9/24. The Federal Communications Commission (FCC) released an updated agenda on September 19 for its event on Thursday, September 26, 2013 titled "Open Meeting". It contains all four of the items that were listed on the tentative agenda released on September 5. These four items pertain to antenna structure registration (ASR) and birds, media ownership, Bloomberg v. Comcast and LPFM. See also, story titled story titled "FCC Announces Tentative Agenda for September 26 Meeting" in TLJ Daily E-Mail Alert No. 2,596, September 5, 2013. The updated agenda adds consideration of a notice of proposed rulemaking (NPRM) regarding "resiliency of mobile wireless networks during emergencies". FCC Chairman Mignon Clyburn described this item in a speech on September 24. She said that this NPRM "proposes to improve wireless network reliability during disasters by requiring wireless service providers to publicly disclose the percentage of cell sites within their networks that are operational after disasters. This proposal, now on the agenda for the next open meeting, could encourage competition in the wireless industry to improve network reliability by providing consumers with a yardstick for comparing wireless performance in emergencies."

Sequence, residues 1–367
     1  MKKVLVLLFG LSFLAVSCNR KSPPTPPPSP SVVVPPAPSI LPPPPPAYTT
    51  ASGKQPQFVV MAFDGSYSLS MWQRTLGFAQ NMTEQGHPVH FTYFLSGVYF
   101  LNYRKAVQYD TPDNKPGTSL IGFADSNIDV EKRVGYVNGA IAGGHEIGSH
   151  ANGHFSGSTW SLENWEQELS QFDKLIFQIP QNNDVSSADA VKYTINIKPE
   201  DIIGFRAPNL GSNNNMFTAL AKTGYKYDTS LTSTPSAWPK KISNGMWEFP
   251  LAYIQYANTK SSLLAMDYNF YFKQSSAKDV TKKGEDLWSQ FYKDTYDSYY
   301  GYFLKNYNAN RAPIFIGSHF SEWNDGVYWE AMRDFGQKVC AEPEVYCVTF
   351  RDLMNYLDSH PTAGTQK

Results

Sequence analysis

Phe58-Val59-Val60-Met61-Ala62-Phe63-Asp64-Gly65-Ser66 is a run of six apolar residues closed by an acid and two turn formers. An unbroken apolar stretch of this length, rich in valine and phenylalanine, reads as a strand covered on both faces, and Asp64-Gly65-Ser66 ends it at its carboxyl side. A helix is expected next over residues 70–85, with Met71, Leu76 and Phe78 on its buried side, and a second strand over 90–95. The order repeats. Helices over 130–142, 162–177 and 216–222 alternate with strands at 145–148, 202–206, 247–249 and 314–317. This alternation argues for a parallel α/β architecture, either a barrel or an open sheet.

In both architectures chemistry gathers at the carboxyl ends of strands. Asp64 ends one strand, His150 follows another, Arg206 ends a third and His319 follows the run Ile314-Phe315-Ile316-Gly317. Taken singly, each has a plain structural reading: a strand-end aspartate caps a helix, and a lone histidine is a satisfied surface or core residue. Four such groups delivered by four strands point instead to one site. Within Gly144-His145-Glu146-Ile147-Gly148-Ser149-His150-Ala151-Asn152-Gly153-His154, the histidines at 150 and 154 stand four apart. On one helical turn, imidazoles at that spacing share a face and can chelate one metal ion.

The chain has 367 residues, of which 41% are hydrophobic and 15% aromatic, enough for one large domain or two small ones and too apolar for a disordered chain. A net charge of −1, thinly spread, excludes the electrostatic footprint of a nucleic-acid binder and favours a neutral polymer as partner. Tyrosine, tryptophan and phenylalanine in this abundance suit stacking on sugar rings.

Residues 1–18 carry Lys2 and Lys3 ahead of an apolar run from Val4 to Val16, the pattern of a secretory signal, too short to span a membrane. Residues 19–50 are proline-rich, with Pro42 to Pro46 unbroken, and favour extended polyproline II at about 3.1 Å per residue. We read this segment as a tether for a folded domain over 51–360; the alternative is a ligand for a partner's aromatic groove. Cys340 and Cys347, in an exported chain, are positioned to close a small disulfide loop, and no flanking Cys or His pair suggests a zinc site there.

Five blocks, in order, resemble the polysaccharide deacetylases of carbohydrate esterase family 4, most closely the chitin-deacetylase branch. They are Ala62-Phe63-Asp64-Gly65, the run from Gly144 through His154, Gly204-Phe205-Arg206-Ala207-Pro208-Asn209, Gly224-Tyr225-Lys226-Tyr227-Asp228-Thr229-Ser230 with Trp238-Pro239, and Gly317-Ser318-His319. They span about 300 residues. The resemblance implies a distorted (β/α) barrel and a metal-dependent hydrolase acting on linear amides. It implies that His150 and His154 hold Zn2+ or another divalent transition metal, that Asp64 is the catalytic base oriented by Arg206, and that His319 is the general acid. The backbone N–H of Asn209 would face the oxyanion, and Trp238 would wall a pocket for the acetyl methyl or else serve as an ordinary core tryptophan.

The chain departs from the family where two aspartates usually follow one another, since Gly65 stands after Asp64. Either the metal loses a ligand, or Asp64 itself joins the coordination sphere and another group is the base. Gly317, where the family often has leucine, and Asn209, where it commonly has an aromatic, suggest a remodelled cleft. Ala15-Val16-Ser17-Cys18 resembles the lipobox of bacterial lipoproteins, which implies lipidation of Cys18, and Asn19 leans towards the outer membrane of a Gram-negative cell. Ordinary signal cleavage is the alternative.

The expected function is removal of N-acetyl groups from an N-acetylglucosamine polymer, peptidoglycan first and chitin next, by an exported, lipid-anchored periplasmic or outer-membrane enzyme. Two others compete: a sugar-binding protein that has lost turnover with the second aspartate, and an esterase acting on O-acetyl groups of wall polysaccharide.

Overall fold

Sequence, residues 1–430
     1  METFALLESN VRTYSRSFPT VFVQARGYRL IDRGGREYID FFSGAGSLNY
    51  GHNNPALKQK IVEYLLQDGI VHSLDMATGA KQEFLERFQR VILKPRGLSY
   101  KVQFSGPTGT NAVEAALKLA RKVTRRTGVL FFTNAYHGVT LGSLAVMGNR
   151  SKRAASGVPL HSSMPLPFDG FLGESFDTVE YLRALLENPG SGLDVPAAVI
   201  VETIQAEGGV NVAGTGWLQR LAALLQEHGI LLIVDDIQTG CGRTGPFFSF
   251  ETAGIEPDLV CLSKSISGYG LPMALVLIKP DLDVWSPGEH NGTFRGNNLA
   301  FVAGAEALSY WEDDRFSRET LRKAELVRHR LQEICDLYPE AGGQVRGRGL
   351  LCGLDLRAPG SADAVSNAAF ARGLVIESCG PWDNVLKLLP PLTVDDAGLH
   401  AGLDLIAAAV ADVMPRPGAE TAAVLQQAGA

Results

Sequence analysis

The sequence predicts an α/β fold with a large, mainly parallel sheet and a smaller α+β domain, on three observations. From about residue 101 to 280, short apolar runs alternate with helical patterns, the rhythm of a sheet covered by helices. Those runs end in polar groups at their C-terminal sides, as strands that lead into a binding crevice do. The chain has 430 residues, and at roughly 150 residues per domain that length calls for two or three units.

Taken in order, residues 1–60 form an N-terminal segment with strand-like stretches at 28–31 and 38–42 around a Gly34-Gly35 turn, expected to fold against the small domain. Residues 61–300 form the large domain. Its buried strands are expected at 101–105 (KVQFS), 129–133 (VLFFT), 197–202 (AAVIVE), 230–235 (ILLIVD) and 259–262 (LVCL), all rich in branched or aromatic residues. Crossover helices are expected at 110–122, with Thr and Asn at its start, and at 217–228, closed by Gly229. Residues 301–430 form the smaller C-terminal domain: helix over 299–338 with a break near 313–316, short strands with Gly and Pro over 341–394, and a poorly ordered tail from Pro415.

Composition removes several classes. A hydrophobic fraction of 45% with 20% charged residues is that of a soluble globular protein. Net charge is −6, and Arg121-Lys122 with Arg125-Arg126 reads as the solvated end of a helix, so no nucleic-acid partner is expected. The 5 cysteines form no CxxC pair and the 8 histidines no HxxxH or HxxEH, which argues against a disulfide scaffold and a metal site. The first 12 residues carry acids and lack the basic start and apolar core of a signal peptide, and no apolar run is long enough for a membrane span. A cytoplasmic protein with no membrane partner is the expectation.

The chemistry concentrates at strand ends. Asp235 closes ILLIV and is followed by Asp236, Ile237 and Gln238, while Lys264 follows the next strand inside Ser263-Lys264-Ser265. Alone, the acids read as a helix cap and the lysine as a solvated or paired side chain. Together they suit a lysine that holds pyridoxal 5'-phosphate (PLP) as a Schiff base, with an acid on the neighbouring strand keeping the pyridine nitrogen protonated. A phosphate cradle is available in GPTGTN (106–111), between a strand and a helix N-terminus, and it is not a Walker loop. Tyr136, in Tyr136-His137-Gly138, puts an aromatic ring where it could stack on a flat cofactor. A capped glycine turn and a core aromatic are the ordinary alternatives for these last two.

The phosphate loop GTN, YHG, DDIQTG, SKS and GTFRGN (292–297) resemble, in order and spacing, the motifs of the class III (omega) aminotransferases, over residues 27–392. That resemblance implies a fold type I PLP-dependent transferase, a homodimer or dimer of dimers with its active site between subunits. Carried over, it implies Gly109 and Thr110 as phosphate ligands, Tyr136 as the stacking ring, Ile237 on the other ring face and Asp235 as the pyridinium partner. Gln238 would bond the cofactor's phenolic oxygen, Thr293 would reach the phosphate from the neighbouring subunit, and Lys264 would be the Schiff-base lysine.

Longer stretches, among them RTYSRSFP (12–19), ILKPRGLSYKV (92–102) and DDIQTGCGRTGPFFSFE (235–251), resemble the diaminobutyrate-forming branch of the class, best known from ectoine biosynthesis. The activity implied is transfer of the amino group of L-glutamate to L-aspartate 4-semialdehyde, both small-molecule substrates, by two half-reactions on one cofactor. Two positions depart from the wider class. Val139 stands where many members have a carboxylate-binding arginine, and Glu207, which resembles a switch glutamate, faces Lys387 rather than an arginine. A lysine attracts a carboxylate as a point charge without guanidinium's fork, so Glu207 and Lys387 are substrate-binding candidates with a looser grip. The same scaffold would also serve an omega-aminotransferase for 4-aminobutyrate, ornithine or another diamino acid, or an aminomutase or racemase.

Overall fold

9/24. Federal Communications Commission (FCC) Chairman Mignon Clyburn gave a speech [13 pages in PDF] in Washington DC. She spoke in broad and vague terms about numerous topics, including expansion of the FCC's e-rate tax and subsidy programs, the H block auction scheduled for January, upcoming incentive auctions, AWS-3, interoperability in the 700 MHz band, special services, cell phone unlocking, inmate rates, rural call completion, disability access, resiliency of wireless networks during disasters, and wireless location surveillance mandates.

9/24. The National Institute of Standards and Technology's (NIST) Computer Security Division (CSD) released its draft SP 800-52 Rev. 1 [64 pages in PDF] titled "Guidelines for the Selection, Configuration, and Use of Transport Layer Security (TLS) Implementations". The deadline to submit comments is November 30, 2013.


FCC Seeks Comments on Reimbursable Broadcaster and MVPD Costs

9/23. The Federal Communications Commission (FCC) released a document [18 pages in PDF] titled "Public Notice" in its incentive auctions rule making proceeding. This document seeks further information previously requested in last year's incentive auctions Notice of Proposed Rulemaking [205 pages in PDF]. It also bears attributes of a further NPRM.

This item seeks comments on the "types of costs broadcasters and MVPDs are likely to incur and how to determine whether such costs are ``reasonable创 for purposes of reimbursement under the statute".

This item also attaches, and seeks comments upon, a proposed "Catalog of Eligible Expenses". And, it asks for comments on further proposals.